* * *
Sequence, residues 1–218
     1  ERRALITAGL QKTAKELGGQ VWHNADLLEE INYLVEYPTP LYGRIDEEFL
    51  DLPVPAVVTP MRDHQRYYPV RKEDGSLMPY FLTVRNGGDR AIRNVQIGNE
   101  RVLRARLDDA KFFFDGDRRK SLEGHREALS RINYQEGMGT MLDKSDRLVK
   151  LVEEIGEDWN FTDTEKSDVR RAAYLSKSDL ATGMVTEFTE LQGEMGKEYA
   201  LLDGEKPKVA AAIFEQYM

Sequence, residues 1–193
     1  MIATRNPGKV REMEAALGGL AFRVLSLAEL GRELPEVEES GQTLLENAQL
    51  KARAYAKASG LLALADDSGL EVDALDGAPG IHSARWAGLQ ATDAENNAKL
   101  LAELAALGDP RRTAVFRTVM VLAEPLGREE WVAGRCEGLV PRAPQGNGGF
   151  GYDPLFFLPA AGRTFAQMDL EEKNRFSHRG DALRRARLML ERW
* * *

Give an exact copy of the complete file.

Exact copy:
Sequence, residues 1–218
     1  ERRALITAGL QKTAKELGGQ VWHNADLLEE INYLVEYPTP LYGRIDEEFL
    51  DLPVPAVVTP MRDHQRYYPV RKEDGSLMPY FLTVRNGGDR AIRNVQIGNE
   101  RVLRARLDDA KFFFDGDRRK SLEGHREALS RINYQEGMGT MLDKSDRLVK
   151  LVEEIGEDWN FTDTEKSDVR RAAYLSKSDL ATGMVTEFTE LQGEMGKEYA
   201  LLDGEKPKVA AAIFEQYM

Sequence, residues 1–193
     1  MIATRNPGKV REMEAALGGL AFRVLSLAEL GRELPEVEES GQTLLENAQL
    51  KARAYAKASG LLALADDSGL EVDALDGAPG IHSARWAGLQ ATDAENNAKL
   101  LAELAALGDP RRTAVFRTVM VLAEPLGREE WVAGRCEGLV PRAPQGNGGF
   151  GYDPLFFLPA AGRTFAQMDL EEKNRFSHRG DALRRARLML ERW